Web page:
Swedbank sees signs of a stronger Swedish economy, but warns that revised economic statistics could lead analysis and policies astray. Here are the highlights from its Swedish Outlook:
• Contracting exports reduced Sweden's GDP at the end of 2011, but economic data in early 2012 suggest that the decline has slowed. Industrial production grew on an annual basis in January at the same time that the decline in external demand showed signs of easing. Domestic demand is being supported by relatively strong household finances, and confidence indicators for businesses and households improved significantly in March. Labor market conditions remain weak, although unemployment isn’t rising quickly yet.
• Revisions to official data have changed the picture of the Swedish economy in recent years. Economic growth for 2012 was revised upward from 5.7% to 6.1% at the same time that economic activity for 2011 was weaker than previously reported. In particular, the number of hours worked was revised upward, which means that productivity growth was actually weaker. Household savings are also lower than the data previously suggested.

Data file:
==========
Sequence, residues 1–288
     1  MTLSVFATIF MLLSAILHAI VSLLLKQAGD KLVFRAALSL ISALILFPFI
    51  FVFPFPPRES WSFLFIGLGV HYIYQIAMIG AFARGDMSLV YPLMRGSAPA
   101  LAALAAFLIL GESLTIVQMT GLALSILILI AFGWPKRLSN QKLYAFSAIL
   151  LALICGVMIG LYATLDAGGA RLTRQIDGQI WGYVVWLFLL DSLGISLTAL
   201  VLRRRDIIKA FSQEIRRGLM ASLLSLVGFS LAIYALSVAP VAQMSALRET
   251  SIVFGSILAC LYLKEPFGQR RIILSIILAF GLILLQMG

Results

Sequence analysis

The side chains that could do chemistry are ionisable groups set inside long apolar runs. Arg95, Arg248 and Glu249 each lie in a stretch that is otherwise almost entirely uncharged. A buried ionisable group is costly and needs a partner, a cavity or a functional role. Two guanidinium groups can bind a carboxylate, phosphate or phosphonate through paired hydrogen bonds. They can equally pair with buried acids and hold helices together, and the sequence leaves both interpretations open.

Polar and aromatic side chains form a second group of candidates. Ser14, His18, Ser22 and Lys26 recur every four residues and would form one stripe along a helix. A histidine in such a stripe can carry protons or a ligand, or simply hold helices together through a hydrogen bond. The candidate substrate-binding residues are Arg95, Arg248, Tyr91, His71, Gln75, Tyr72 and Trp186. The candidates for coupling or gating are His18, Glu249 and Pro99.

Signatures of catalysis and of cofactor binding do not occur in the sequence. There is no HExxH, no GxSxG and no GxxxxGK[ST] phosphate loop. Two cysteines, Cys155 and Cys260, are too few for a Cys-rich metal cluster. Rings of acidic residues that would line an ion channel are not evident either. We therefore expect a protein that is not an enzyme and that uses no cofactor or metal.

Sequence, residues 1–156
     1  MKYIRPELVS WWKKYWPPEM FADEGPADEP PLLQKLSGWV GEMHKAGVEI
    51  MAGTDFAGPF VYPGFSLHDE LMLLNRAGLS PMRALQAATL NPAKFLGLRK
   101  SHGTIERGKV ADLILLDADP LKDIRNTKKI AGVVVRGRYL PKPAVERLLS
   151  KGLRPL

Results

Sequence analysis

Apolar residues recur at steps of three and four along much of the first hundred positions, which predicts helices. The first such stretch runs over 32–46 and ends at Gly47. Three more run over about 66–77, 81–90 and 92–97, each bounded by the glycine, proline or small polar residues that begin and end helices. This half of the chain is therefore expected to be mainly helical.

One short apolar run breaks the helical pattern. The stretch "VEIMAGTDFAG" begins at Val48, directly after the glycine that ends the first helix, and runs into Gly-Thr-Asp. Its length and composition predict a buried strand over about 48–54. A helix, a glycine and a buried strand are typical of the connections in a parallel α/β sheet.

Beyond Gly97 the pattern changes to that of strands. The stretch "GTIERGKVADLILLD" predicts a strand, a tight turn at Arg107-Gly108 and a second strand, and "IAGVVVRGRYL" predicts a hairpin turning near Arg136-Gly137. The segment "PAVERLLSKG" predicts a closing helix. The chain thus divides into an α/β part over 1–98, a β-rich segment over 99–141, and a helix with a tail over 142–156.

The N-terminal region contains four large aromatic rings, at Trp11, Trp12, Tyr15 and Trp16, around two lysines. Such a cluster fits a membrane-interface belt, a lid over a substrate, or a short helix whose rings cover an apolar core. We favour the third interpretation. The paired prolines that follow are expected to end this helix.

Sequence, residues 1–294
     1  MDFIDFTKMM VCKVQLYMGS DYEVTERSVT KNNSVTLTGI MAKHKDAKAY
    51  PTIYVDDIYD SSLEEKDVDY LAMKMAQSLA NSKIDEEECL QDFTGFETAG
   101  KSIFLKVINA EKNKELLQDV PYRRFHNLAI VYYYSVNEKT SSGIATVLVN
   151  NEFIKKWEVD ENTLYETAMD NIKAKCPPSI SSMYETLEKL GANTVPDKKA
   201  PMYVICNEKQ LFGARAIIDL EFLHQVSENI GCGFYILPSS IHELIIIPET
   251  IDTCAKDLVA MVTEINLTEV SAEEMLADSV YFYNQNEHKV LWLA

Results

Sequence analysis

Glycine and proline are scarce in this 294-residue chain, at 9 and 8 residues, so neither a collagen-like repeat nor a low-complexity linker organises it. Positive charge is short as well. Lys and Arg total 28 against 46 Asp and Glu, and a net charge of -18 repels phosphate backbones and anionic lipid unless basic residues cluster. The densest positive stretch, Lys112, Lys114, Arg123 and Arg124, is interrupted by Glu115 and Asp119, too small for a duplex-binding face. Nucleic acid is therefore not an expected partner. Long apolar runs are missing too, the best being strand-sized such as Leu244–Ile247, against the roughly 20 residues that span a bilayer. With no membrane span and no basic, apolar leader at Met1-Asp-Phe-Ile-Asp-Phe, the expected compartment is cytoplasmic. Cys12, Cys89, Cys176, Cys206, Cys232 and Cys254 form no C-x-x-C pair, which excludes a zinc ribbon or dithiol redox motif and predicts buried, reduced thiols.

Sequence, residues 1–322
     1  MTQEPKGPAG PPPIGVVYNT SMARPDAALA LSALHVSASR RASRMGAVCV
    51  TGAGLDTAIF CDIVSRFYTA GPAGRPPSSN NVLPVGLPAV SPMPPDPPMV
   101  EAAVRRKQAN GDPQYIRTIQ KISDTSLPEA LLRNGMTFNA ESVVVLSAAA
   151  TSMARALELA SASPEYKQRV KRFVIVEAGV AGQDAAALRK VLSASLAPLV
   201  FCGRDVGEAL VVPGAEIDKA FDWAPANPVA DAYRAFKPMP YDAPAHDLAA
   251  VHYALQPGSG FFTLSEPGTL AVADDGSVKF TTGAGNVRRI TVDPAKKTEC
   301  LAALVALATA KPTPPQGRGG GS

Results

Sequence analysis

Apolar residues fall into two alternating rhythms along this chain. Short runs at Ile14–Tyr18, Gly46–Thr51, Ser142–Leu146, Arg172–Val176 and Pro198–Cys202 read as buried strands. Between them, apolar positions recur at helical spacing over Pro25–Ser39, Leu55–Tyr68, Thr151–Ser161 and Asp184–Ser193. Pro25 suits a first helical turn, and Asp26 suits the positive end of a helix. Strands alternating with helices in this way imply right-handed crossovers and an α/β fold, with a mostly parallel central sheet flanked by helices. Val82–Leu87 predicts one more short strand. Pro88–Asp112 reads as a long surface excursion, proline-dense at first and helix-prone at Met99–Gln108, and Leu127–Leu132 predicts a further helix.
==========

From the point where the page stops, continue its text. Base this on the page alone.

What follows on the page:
• The revised economic data create problems not only for forecasters but also for those who set economic policy. Lower business productivity means higher resource utilization, which is an argument for a less expansive monetary policy. On the other hand, rising unemployment suggests that resource utilization is still low. Lower savings is an indication that households are more vulnerable, but also that consumer spending could be more limited going forward. This impacts the assessment of the economic conditions.
Last Updated (Thursday, 05 April 2012 05:29)